Genetic information of world's most radiation-resistant organism decoded

November 18, 1999

Rockville, MD - No, it's not the cockroach, but rather a strain of pink bacteria that can survive 1.5 million rads of gamma irradiation - a dose 3,000 times the amount that would kill a human. This dose of radiation shreds the bacteria's genome into hundreds of pieces. The organism's remarkable ability to repair this DNA damage completely in a day and go on living offers researchers tantalizing clues to better understanding the mechanism of cellular repair. Advances in this area could in turn improve our understanding of cancer which is frequently caused by unrepaired DNA damage. Genetically engineering the microbe could lead to improved ways to cleanup pollution and to new industrial processes.

U.S. Department of Energy-funded researchers at The Institute for Genomic Research (TIGR) describe the complete genetic sequence of the bacteria Deinococcus radiodurans in the November 19 issue of Science.

"This is a significant accomplishment," Secretary of Energy Bill Richardson said. "The Department of Energy began microbial genome work to support bold science and to help meet our unique environment and energy mission needs. Besides the insights into the way cells work, this new research may help provide a new safe and inexpensive tool for some of the nation's most difficult cleanup challenges."

"We anticipate a terrific boost for industrial and environmental microbiology," said TIGR President Claire Fraser. "Publication of the Deinococcus sequence will foster more research into cellular repair and damage resistance. D. radiodurans is readily manipulated in the lab, so new functions can be introduced into its genome. We foresee its use for novel industrial processes that most bacteria cannot survive."

The Department of Energy has a number of sites in its former nuclear weapons production complex that are contaminated with mixtures of highly radioactive materials and toxic chemicals. Other DOE-funded researchers have modified D. radiodurans to be able to degrade the organic chemical contaminant toluene and "fix" or immobilize mercury while converting it to a more benign form. The engineered bacteria continues to survive in radioactive environments.

TIGR investigator Owen White led the team that determined the order of all of the nearly 3.3 million individual chemical base units making up D. radiodurans' DNA. They found the bacteria's genome is composed of two circular chromosomes that are about 2.6 million and 400,000 base pairs in length. The genome also is composed of two smaller circular molecules, a megaplasmid of 177,000 base pairs and a plasmid of 45,000 base pairs. Other bacteria with multiple chromosomes or megaplasmids are known, but D. radiodurans represents the first completely sequenced bacterium with these features.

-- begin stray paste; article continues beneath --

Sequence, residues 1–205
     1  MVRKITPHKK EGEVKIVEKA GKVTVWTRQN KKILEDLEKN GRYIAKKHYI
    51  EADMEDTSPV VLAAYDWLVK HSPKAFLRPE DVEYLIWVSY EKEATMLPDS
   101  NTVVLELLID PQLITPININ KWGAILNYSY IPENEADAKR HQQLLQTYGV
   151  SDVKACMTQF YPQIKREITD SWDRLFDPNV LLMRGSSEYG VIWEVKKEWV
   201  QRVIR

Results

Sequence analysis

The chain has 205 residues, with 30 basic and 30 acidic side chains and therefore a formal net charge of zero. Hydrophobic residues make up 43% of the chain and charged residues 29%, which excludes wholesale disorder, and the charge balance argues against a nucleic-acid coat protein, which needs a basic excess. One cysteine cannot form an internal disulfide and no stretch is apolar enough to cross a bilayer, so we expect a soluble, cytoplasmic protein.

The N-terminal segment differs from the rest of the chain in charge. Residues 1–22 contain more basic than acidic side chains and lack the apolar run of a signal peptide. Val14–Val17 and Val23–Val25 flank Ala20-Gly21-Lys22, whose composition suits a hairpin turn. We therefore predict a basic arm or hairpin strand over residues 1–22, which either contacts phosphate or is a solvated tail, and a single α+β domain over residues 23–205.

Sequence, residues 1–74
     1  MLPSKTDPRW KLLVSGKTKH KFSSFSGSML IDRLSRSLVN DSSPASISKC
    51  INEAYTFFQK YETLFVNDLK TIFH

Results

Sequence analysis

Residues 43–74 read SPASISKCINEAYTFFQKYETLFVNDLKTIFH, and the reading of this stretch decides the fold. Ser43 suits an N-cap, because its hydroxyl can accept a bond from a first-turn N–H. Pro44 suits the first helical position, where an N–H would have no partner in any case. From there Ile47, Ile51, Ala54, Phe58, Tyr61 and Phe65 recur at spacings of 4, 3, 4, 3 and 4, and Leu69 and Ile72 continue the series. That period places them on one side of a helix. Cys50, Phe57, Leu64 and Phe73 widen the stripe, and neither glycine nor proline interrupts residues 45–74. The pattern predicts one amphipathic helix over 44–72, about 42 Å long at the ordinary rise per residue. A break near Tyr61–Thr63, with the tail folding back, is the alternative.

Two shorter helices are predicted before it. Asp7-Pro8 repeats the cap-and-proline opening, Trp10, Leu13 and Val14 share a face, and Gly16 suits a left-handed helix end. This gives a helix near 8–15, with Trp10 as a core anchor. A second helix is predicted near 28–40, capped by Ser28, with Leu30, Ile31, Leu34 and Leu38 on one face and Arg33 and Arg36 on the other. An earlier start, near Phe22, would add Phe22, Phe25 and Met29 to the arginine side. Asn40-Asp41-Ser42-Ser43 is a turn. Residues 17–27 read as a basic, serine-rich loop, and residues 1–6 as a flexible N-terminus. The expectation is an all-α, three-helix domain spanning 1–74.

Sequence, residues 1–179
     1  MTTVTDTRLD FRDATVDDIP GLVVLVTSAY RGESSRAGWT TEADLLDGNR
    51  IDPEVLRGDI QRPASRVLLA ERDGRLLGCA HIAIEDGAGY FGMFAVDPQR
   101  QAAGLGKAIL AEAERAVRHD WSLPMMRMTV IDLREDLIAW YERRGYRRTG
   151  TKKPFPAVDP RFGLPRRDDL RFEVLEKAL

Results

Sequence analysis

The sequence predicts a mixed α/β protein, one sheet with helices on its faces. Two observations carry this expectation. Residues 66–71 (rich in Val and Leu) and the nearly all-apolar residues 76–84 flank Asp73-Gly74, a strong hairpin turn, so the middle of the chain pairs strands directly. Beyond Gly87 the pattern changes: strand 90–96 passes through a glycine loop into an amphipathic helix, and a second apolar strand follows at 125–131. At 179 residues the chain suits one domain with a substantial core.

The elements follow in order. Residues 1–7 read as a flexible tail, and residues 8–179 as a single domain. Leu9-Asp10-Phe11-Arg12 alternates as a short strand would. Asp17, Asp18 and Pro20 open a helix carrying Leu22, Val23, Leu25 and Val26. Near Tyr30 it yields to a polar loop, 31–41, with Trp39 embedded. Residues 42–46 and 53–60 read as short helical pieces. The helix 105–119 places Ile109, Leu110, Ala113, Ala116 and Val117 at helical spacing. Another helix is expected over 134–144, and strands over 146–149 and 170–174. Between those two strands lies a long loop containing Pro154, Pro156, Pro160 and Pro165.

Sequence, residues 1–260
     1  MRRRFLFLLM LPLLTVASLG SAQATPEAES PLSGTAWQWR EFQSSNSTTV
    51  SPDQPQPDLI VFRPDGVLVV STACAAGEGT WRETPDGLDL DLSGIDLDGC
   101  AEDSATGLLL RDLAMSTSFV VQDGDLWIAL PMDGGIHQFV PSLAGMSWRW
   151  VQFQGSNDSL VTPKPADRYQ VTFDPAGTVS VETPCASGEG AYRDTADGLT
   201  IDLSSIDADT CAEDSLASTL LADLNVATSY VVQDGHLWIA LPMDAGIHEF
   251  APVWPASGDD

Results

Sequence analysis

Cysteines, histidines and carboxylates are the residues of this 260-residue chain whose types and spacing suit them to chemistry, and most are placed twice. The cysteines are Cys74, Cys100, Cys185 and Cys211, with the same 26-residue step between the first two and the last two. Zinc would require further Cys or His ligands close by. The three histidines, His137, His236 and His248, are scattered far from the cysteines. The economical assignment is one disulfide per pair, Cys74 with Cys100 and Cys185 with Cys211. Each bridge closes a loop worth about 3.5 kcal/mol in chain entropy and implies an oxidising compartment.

Researchers examined the bacterium's cellular repair genes and discovered that, while D. radiodurans contained the usual complement of repair genes found in other radiation-sensitive bacteria, it has an unusually large redundancy of repair functions. Evolutionary analysis suggests the smaller chromosome, plasmid and megaplasmid may have been acquired some time after the origin of the Deinococcus lineage. Further analysis will be required to determine if the evolutionary formation of these smaller structures is directly responsible for D. radiodurans' ability to survive extreme environmental conditions.

D. radiodurans was originally isolated from samples of canned meat that were thought to be sterilized by gamma radiation. Colonies of non-pathogenic bacteria growing on the spoiled meat turned out to be the radiation-resistant organism. The microbe also withstands extreme desiccation and UV-irradiation. Since its discovery in 1956, D. radiodurans has been found around the world. Typically, it is found in locations where most other bacteria have died from extreme conditions, ranging from the shielding pond of a radioactive cesium source to the surfaces of Arctic rocks. Its name, due to its berry shape, means "strange or terrible berry that withstands radiation."

The Department of Energy funded TIGR's work as part of the department's microbial genome program. Researchers have sequenced 11 microbes since the program began in 1994 as a spin-off of the human genome program; 15 others currently are being sequenced. Through the study of microbes, the program seeks biological approaches to solving challenges in environmental cleanup, energy production and use, climate change, industrial processes, medicine, agriculture and biological nonproliferation (understanding and detecting biowarfare agents).

Kenneth W. Minton and Michael J. Daly with the Uniformed Services University of the Health Sciences performed the genetic engineering research on D. radiodurans for the Department of Energy and collaborated with TIGR on the sequencing project.
TIGR is a not-for-profit research institute founded in 1992 by J. Craig Venter. TIGR conducts structural, functional and comparative analyses of genomes and gene products in viruses, bacteria (pathogenic and environmental), archaea and eukaryotes, both plant and animal, including human. In 1996, TIGR made news worldwide by determining the genome of the microbe Methanococcus jannaschii. This research confirmed the uniqueness of a third major branch of life on earth, the archaea.

A detailed description of its genome is available through TIGR's Microbial Database on the World Wide Web at ( ).

Information on the Department of Energy's microbial genome program is available at ( ).

The Institute for Genomic Research

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